National Parks have taken to erecting signs warning us that, rather obviously, ‘Limbs May Fall’, a sign that might be better located outside an operating theatre. There have, of course, been some tragic accidents from branches falling on tents, so it pays to look up and around and judge the safest spot if possible. Here in Australia though we often find ourselves forced to camp under trees. I recall one occasion on the NSW South Coast when a few of us hauled our sea kayaks up the beach to a National Park campsite. At first we decided to camp at one spot before moving 20 metres further to a site with better views. We were woken just before dawn to see a huge tree come crashing down onto that first option.

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THE SUN WILL RISE

Think too about where the sun will rise and set. Recently, on a ski touring expedition in Tajikistan in Central Asia, two of us camped on a little plateau near a high pass we’d just crossed while our friends had pushed on into the valley below. We were greeted with sun pouring into our doorway soon after sunrise and a temperature that went from -25 degrees to -5 degrees in half an hour. We basked in the glory, packed up and three hours later reached our friend’s tent, still frozen, only just emerging from the shadows. It cuts both ways too, of course. In summer we may not want to be woken by a hot sun so we’ll seek out a shady spot, often under trees (where ‘Limbs May Fall’).

ZIP IT SHUT

One time, down on Wilsons Prom in Victoria, my mate Greg was the first to say goodnight and head to his tent. Then a scream pierced the night as, simultaneously, Greg reversed at great speed followed by a rather large wombat. Usually its insects and such like that you are keeping out, or perhaps animals after food but be warned of a sleepy wombat taking advantage of an open door and soft mattress.

A hikers point of view from a tent, overlooking a bright morning and a surfboard.

Figure out which direction the sun will rise, before setting up your tent.

LET THERE BE LIGHT

An old plastic mug, received 40 years ago from an uncle in a pile of second-hand camping equipment, is my constant camping companion and always the first item to be packed. Second is a head torch; a torch on an elastic headband. The ability to be hands free as you move around makes camp and tent life so much more comfortable. Indeed whether for camping, crawling under your house, or surviving a power outage, everyone should have one.

It’s also far better if you can reach camp before the sun reaches the horizon. That way you know the lie of the land and to see where you plan to camp. Some years ago I landed my kayak after dark on an island in Turkey and was about to set up camp when I was set upon by a dozen Turkish military recruits. I hadn’t seen the signs in the dark and was planning on camping on a military island.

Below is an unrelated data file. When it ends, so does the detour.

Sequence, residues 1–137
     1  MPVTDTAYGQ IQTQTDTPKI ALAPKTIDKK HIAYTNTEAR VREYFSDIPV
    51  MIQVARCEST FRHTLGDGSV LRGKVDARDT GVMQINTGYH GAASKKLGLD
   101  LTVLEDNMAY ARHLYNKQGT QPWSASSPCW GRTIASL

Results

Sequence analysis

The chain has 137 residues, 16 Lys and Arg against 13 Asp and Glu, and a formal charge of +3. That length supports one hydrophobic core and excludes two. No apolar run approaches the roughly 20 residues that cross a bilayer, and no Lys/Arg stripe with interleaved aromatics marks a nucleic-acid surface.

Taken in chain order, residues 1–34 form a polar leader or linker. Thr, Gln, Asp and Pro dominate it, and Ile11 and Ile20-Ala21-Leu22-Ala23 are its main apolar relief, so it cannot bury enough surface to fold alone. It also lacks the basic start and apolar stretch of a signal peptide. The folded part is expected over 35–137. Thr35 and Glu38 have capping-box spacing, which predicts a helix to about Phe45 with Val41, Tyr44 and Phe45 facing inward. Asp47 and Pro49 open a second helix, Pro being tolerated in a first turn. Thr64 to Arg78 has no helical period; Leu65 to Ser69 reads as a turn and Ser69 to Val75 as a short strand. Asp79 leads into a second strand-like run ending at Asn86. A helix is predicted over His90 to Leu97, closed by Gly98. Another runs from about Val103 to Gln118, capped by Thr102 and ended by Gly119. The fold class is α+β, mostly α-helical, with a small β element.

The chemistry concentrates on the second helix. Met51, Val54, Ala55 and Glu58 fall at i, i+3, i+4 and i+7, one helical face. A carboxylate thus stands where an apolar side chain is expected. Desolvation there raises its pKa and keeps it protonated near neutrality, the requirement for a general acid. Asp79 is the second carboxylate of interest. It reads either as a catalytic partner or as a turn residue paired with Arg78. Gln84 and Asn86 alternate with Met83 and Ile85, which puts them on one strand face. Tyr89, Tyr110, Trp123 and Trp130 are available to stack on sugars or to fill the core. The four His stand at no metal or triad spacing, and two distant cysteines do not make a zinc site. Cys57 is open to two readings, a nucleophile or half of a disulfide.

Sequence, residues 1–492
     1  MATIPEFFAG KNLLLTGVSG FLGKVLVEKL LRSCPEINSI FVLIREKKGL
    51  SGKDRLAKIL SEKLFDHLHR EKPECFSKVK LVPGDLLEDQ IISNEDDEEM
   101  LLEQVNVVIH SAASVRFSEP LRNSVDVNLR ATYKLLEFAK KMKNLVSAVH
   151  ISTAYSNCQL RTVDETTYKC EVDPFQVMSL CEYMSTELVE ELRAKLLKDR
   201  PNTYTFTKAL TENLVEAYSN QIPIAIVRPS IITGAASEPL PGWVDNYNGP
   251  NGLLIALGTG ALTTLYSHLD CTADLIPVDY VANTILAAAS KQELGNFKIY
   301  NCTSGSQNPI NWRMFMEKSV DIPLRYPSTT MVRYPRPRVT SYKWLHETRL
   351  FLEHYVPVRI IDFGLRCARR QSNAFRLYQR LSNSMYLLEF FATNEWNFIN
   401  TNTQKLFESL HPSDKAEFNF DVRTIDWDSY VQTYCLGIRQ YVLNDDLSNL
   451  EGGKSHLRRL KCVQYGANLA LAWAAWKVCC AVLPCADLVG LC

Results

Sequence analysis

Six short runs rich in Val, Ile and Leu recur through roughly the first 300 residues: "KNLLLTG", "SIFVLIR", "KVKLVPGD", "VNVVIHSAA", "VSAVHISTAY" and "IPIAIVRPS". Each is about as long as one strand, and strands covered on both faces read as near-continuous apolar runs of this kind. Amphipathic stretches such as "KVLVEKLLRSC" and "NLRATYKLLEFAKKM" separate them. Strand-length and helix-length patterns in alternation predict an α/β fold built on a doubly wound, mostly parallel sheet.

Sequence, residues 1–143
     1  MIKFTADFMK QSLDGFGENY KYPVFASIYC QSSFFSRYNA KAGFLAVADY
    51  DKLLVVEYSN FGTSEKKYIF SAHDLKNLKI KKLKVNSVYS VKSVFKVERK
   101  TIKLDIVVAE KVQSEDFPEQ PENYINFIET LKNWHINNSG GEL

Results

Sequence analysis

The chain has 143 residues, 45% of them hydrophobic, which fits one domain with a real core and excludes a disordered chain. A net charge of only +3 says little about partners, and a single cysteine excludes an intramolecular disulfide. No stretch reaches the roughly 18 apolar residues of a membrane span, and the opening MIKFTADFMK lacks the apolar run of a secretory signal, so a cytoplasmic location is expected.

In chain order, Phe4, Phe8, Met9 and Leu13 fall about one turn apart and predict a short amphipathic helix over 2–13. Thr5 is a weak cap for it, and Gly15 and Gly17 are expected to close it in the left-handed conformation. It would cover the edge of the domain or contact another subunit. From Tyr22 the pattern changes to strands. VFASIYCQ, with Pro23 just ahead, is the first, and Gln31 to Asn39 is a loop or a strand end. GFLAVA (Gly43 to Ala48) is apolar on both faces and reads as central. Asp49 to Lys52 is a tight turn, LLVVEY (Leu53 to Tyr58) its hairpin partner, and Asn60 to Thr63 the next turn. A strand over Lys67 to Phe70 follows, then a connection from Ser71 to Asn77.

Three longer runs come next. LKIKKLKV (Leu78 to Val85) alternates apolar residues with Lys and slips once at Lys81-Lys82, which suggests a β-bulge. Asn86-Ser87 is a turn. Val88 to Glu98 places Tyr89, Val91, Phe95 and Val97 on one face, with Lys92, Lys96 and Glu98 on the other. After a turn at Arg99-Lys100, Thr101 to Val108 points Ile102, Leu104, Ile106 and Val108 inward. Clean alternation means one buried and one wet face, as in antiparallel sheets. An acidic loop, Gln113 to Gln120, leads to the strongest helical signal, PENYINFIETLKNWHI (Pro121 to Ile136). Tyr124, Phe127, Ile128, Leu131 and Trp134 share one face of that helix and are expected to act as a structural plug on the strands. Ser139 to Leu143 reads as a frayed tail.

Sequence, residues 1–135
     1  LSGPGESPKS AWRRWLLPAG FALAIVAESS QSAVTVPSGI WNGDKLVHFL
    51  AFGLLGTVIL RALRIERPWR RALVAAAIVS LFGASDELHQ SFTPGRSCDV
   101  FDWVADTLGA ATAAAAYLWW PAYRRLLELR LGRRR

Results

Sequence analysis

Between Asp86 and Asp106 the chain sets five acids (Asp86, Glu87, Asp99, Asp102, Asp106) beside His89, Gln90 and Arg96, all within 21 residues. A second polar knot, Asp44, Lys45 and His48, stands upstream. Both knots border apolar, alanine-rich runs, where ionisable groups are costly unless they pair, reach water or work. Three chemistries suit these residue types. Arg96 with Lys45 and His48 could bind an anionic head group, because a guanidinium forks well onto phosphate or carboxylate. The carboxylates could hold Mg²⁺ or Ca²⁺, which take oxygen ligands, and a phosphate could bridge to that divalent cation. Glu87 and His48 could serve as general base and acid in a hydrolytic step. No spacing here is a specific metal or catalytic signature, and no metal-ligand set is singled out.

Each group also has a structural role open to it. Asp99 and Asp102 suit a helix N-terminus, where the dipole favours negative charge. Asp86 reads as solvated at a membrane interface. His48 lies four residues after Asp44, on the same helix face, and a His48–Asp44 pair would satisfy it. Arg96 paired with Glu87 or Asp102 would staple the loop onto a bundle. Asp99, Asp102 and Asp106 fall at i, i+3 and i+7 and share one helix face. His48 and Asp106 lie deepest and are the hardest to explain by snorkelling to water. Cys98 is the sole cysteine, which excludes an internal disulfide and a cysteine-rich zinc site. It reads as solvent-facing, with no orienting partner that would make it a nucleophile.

COCOON FROM THE COLD

In cold weather the best way to stay warm is to camp with a friend, a very good friend. Even if they’re not THAT good, two people in a tent are always warmer than one. But whatever the temperature the right sleeping bag and sleeping mat will ensure you are plenty warm enough. And climb into that toasty cocoon before you get cold outside, not after.

Camp Ovens bush cooking

Make a camp fire, if you are allowed.

KEEP IT CLEAN

It shouldn’t still have to be said but, alas, too many people still disrespect our beautiful places, even those you can’t drive too. Remember there is no cleaner coming in after you pack up and check out of your piece of paradise. Take all your rubbish with you and, if you must have a fire (and are allowed one), remember plastic and foil don’t burn. And when it comes to toileting (and we all do it) make sure you go at least 100 metres away from watercourses. And don’t bury your toilet paper or stick it under a rock. Either burn it (if safe to do so) or better still pack it out with you. Remember too that if you haven’t seen anyone for a few days, Murphy’s Law dictates someone will come on by while your enjoying your morning ablutions.

With your choice of water views or rural views and never being troubled by interest rates or rising prices; there really is no better way to live.

AUSSIE CAMPING HAS NEVER LOOKED THIS GOOD

NEW ZEALAND’S BEST CAMPSITES





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Gwen and Jeff Young plant thousands of trees to create 9-hectare haven for birds on their Port MacDonnell farm


Long before Jeff Young met his wife Gwen, birds were targets for his slug gun.

Sparrows were “spoggies”, red-browed finches were “beetroot eaters” — at least that is what his Dad told him on their Port MacDonnell farm in South Australia’s south-east.

Since meeting Gwen in 1996, the farm has become a haven for 122 species of birds many of which Mr Young can now call by their real names.

In 20 years they have planted thousands of trees and covered 9 of their 72 acres with native corridors, changing their landscape — and their relationship — forever.

Gwen’s lifelong love for birds

Gwen Young is serious about her birds.(Supplied: Gwen Young)

Growing up on a tiny dairy on the northern coast of New South Wales, Gwen Young knew the eastern species as well as anyone.

On the 2.5-kilometre walk through the bush to and from school each morning, she and her sister would document any signs of birds they came across.

When their older brother was given an Australian bird guide for his 15th birthday, they were all thrilled.

“Every day we were looking at that book and finding out what the birds around us were,” Mrs Young said.

Dollarbirds, bowerbirds, finches, honeyeaters.

An older woman in the driver's seat of a car gestures towards the windshield with one hand, her other hand steering the wheel.
Gwen Young’s dream since she was a girl is to see every Australian bird.(ABC South East SA: Bec Whetham)